The British electorate are notorious for only being interested in general elections and this is clearest in European Parliament elections, which hit a record low of 24% in 1999. In that context the referendum turnouts are unsurprising, although voter turnout was higher (boycotts notwithstanding) when issues of sovereignty were put to the people of Northern Ireland or Scotland. The 72% turnout for the 2016 EU referendum was larger than any UK wide vote since 1992, but the enthusiasm for it varied across the four nations. The leave vote in England was from a 73% turnout, marginally ahead of the leave victory from 72% of the Welsh electorate, but the remain voting nations generated less enthusiasm, with a 67% turnout in Scotland and a 63% turnout for Northern Ireland. The often forgotten fifth nation of Cornwall (nowadays constitutionally treated as an English county) had the highest national turnout at 77% and the largest national leave majority at 13%. The only non-UK area to vote was Gibraltar, which had an 84% turnout and a 92% majority for remain.

It is unclear what the reason is for the declining voter turnouts this century, but the fact that they were at there lowest when the Labour Party appeared uninterested in the working-class vote is probably relevant. The 2016 EU referendum enthused the country more, on a larger electoral roll, than the general election of the previous year. It is unclear whether than means that more working class voters went to the polling station than would happen at a general election, but anecdotal evidence suggests that a sizeable number were voting for the first time in their lives. That may mean no more than a recognition that in a referendum every vote counts and that this referendum was one worth voting on. That latter point is probably the only conclusion that can be safely drawn from these turnout figures: that leaving or remaining in the EU was a referendum worth voting on. Although possibly not for voters in Northern Ireland, despite the worries over Brexit creating a 310-mile EU external border.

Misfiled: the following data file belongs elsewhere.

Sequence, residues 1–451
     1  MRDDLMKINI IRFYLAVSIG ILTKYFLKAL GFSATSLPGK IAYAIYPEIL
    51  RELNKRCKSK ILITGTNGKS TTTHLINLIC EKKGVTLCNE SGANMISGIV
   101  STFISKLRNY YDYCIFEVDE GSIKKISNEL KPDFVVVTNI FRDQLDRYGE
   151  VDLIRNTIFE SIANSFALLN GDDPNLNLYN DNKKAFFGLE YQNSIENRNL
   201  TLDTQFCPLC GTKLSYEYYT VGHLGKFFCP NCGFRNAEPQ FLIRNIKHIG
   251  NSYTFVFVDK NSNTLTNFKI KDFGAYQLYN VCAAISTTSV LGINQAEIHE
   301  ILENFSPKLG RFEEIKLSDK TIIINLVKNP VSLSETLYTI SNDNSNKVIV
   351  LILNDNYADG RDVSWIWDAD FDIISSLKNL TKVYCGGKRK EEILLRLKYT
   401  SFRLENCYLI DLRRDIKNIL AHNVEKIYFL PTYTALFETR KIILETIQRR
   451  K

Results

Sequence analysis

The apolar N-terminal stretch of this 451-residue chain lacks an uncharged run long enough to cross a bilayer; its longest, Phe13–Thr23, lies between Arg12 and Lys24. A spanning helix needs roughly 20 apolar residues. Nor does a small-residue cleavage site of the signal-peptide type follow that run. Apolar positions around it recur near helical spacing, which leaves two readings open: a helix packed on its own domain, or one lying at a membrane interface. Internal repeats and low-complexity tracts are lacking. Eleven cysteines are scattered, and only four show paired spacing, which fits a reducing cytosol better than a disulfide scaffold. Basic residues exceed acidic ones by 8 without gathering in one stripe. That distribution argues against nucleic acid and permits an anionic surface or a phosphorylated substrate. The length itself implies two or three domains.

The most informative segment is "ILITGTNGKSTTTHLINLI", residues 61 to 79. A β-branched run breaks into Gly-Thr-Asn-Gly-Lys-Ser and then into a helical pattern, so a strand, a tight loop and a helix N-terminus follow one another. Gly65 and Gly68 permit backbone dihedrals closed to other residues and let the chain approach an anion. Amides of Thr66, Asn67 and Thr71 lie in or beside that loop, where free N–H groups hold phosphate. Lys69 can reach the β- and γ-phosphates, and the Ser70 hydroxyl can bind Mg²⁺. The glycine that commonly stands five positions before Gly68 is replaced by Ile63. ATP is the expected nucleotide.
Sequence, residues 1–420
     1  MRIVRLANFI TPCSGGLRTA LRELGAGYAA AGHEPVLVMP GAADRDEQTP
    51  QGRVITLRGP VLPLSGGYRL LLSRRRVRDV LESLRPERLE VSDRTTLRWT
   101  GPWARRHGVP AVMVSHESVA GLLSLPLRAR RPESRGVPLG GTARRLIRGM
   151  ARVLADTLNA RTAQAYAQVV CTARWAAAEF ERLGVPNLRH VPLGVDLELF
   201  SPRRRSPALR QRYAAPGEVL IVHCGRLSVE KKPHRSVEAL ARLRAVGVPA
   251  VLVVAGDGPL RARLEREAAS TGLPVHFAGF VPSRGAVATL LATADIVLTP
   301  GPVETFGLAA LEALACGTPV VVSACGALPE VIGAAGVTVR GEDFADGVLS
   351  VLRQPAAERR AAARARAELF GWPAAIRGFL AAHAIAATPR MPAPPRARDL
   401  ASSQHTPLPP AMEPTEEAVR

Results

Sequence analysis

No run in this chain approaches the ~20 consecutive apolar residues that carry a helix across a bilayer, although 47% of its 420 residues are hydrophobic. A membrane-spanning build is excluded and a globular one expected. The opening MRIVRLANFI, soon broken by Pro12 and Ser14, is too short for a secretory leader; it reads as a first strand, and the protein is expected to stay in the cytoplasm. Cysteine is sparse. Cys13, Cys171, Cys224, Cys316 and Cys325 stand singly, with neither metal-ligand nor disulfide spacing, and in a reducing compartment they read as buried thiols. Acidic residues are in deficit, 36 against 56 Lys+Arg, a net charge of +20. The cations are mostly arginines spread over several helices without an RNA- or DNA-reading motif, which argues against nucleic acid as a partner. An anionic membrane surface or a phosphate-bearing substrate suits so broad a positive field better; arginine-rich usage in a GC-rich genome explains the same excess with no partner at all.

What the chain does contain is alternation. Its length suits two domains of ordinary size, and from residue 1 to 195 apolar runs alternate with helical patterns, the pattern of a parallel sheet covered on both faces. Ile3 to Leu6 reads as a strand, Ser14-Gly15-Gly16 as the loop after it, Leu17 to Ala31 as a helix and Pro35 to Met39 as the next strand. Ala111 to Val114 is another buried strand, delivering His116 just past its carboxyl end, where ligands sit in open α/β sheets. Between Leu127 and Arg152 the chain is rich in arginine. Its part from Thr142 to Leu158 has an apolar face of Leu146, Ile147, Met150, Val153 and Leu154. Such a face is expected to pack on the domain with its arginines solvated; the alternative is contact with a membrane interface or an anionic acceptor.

If there is an easy answer to why those left behind by the English and Welsh class system voted leave it is because for once there was a referendum where every vote counted. Normally the electoral system works in such a way that working-class votes have little effect on the result and consequently a large proportion of working class people stopped voting. The UK parliament is elected by a first past the post system, in which one successful candidate is elected based on how many votes they received and no other consideration is taken into consideration. The only UK wide referendum other than the two EU ones was an attempt to change this, but the electorate voted to keep the first past the post system. This system means that a lot of votes are wasted efforts because the outcome is a foregone conclusion in most seats. It is only in a small number of seats that whether there is a Conservative or a Labour government is decided.

© Mercia McMahon. All rights reserved

Advert